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Understanding Brain Networks using Functional Imaging

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  • UserPeter Zeidman, Wellcome Trust Centre for Neuroimaging, University College London
  • ClockWednesday 12 June 2013, 14:00-15:00
  • HouseUG09, Learning Centre.

If you have a question about this talk, please contact Leandro Minku.

Host: Prof. Jeremy Wyatt

Understanding how individual brain structures contribute to our everyday lives is a key objective of cognitive neuroscience. Using functional Magnetic Resonance Imaging (fMRI), researchers generally perform a statistical test at each point in the brain to determine whether its activity was affected by an experimental manipulation. Although informative, this kind of analysis ignores a key consideration: parts of the brain do not act in isolation, but operate as large functional networks.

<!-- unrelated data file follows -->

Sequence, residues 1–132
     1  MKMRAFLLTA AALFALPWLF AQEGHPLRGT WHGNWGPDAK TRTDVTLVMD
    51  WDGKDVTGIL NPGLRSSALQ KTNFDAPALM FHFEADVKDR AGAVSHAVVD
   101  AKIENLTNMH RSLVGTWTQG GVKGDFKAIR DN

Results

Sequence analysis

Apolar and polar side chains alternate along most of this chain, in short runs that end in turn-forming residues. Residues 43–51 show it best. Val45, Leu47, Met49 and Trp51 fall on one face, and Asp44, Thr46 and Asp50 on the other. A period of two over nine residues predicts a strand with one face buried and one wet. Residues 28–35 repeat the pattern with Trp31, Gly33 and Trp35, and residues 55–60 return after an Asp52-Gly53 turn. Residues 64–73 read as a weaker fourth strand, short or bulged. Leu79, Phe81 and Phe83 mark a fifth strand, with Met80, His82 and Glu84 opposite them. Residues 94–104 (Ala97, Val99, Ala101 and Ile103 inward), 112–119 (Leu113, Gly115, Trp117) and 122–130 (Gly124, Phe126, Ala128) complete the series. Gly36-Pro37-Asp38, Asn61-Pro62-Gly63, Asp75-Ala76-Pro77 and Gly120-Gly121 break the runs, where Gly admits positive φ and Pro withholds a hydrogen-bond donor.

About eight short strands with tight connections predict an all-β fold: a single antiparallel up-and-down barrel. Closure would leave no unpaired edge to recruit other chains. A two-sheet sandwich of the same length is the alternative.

In this presentation I will show how a ‘systems’ approach can contribute to our understanding of the human brain. I will draw on examples from the study of aphasia, where we have shown how the brain’s reading pathways can be disrupted by stroke, and from studies on memory and imagination, where measuring the connectivity of the hippocampus has given us fresh insights into its role. I will discuss the significant computational challenges that connectivity analyses pose, and present work capitalising on recent developments in the modelling of brain networks (Stochastic Dynamic Causal Modelling), which enables connectivity to be inferred during internally-driven cognitive processes, such as episodic memory.

This talk is part of the Artificial Intelligence and Natural Computation seminars series.

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